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Hospice ordered to pay £23k to sacked children's doctor

Hospice ordered to pay £23k to sacked children's doctor

Wednesday 05 August 2020

Hospice ordered to pay £23k to sacked children's doctor


Jersey Hospice Care has been ordered to pay over £23,000 in compensation to a children's doctor it unfairly dismissed.

The direction came from the Employment and Discrimination Tribunal, which found that the charity had also made unfair salary deductions from Paediatric Doctor Natalie Kemp and had kept "contradictory and incomplete" records on the matter.

Dr Kemp had worked for Jersey Hospice Care from August 2017 to September 2019 as Clinical Lead for Children and Young People to help develop its services for children.

In October 2019, she filed a complaint with the Employment Tribunal, claiming she had been unfairly dismissed and the charity had breached her contract by deducting £9,675 for training fees from her final salary.

Dr Natalie Kemp Children's Hospice (Glen Perotte)

Pictured: Dr Natalie Kemp was appointed Clinical Lead for Children and Young People in August 2017. (Glen Perotte)

The case was heard by Michael Salter, the Deputy Chair of the Employment Tribunal, on 30 June.

The Tribunal heard that Dr Kemp had joined the charity in August 2017 after applying for a staff grade doctor role. While she was unsuccessful due to her previous experience, she was recruited into another role for which she had to undertake a two-year masters in Palliative Care at Kings College.

It was the fees for this course that formed the basis of the breach of contract claim.

In August 2019, Dr Kemp discussed her role with her employer. She said she left the meeting feeling that their respective future plans were “no longer aligned”, owing to what she described as a “deteriorating relationship” between Hospice and Family and Nursing Home Care with whom she worked.

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Pictured: Dr Kemp filed a complaint with the Employment Tribunal in October 2019.

Two weeks later, in a meeting with Debbie Patrick, Head of People for Jersey Hospice Care, Dr Kemp said she felt her role was “redundant”. Ms Patrick, who admitted she did not have sufficient understanding of the clinical side of the business, said she would have to make enquires to confirm whether that was the case.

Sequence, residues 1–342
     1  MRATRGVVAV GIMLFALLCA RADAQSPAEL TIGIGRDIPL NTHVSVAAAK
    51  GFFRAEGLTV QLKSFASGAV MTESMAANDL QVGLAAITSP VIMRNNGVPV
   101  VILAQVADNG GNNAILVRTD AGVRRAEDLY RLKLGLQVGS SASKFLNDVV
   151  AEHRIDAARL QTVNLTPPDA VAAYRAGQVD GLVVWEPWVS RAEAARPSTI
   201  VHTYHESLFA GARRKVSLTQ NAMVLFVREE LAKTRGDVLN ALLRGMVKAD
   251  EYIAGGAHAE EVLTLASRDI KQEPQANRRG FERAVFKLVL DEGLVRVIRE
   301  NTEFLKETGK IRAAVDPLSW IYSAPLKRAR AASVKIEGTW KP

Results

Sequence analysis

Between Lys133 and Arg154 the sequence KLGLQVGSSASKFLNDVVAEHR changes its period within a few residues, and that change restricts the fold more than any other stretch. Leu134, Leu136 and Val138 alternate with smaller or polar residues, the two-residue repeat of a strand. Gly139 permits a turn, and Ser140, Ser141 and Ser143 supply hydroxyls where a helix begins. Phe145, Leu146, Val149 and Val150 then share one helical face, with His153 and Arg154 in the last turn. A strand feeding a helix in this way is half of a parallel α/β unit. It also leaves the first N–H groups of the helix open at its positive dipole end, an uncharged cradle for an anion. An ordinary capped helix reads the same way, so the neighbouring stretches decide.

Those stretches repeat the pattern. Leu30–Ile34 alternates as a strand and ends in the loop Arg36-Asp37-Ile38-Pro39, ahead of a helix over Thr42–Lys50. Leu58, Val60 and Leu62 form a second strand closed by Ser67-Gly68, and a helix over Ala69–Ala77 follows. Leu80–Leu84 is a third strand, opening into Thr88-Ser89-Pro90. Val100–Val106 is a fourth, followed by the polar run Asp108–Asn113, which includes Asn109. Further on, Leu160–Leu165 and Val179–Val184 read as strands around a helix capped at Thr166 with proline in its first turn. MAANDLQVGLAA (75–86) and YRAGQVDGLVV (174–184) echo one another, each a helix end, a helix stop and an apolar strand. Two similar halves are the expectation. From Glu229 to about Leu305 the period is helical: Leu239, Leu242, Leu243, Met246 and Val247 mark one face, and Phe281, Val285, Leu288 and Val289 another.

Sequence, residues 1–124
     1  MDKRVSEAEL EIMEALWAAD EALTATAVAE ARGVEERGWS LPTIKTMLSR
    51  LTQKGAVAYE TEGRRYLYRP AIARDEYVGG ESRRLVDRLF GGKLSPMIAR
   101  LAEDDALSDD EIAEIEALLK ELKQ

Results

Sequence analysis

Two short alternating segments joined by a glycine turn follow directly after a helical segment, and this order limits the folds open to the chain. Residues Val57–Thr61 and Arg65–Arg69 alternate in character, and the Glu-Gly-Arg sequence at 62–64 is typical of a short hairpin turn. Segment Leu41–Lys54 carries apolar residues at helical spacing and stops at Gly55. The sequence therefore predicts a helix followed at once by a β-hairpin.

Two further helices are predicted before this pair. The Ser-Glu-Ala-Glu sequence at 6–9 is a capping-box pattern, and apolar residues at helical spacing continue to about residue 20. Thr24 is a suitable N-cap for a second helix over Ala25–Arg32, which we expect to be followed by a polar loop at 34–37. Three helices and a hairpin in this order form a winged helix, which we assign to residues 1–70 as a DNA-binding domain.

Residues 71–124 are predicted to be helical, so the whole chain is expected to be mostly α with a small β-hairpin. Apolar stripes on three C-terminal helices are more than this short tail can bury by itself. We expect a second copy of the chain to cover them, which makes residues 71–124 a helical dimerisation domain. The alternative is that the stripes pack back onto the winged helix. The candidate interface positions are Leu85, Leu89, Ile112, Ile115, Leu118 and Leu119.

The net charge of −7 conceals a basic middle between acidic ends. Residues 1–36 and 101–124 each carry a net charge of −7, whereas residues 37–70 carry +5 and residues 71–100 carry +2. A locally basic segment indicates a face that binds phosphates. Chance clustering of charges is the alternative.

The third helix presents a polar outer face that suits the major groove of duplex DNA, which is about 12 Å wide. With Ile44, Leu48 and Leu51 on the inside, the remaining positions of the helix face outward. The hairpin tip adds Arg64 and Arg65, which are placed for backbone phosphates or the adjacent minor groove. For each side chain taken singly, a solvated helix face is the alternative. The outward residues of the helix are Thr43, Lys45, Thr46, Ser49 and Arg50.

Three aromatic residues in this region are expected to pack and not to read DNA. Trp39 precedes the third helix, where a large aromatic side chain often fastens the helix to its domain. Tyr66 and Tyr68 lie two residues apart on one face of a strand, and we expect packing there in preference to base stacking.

Dr Kemp said she didn’t discuss her departure during that meeting and rejected references to “mutual partings of the ways” made by Ms Patrick in her minutes.

At a second meeting in early September, Dr Kemp said she was “confronted” by Ms Patrick holding a letter terminating her employment, saying she was asked “is this what you still want”.

Ms Patrick admitted she attended the meeting with a draft compromise agreement but claimed this was because Dr Kemp had mentioned leaving during the previous meeting. Dr Kemp refused to sign the agreement.

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Pictured: Dr Kemp claimed she was unfairly dismissed by the charity.

Mr Slater noted in his judgment that the notes kept by Jersey Hospice were not made at the time but weeks after the event, while Dr Kemp had been “clear in her recollection of what was discussed at what meetings”.

He also noted that Jersey Hospice hadn’t asked Dr Kemp to work her notice period but also paid her in lieu of that notice. “I consider that payments in lieu of notice are made when it is the employer who is dismissing and does not want the employee to come into work, or be on garden leave,” he wrote.

On balance, he concluded that Dr Kemp had been dismissed and, with the admission from the charity that it didn’t have “a fair reason” for the dismissal and hadn’t followed any sort of process, that it had been unfair.

Turning to the training fees, Mr Salter said the paperwork kept by the charity was “a very unsatisfactory state”. “It is contradictory, incomplete and has substantial gaps in it for [Jersey Hospice Care] to be able to enforce the right to make deductions from [Dr Kemp]’s salary,” he added.

Dr Kemp’s contract, which she signed in November that year and was described as the “entire agreement”, stipulated that no deductions would be made to her salary, except those required by law, without her “express written consent”.

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Pictured: Mr Salter said the paperwork kept by the charity was “a very unsatisfactory state”.

Meanwhile, the charity referred to a separate Staff Handbook from 2014 which had contractual effect but was not referred to in the contract or incorporated into it. They also referred to a Training Policy introduced in November 2018 which required a signed form of agreement for the repayment of fees, something which was never obtained from Dr Kemp.

Mr Slater concluded the hospice had failed to show it had power to make deductions from its former employee’s salary, noting that the “operative terms” were those in Dr Kemp’s contract, meaning the charity would have to seek Dr Kemp’s consent to make any withdrawals, which it didn’t.

He therefore described the deductions has a breach of the contract of employment.

As a result, he ordered Jersey Hospice Care to pay Dr Kemp £13,691 as compensation for unfair dismissal as well as £9,675 for the “unlawful deduction from wages."

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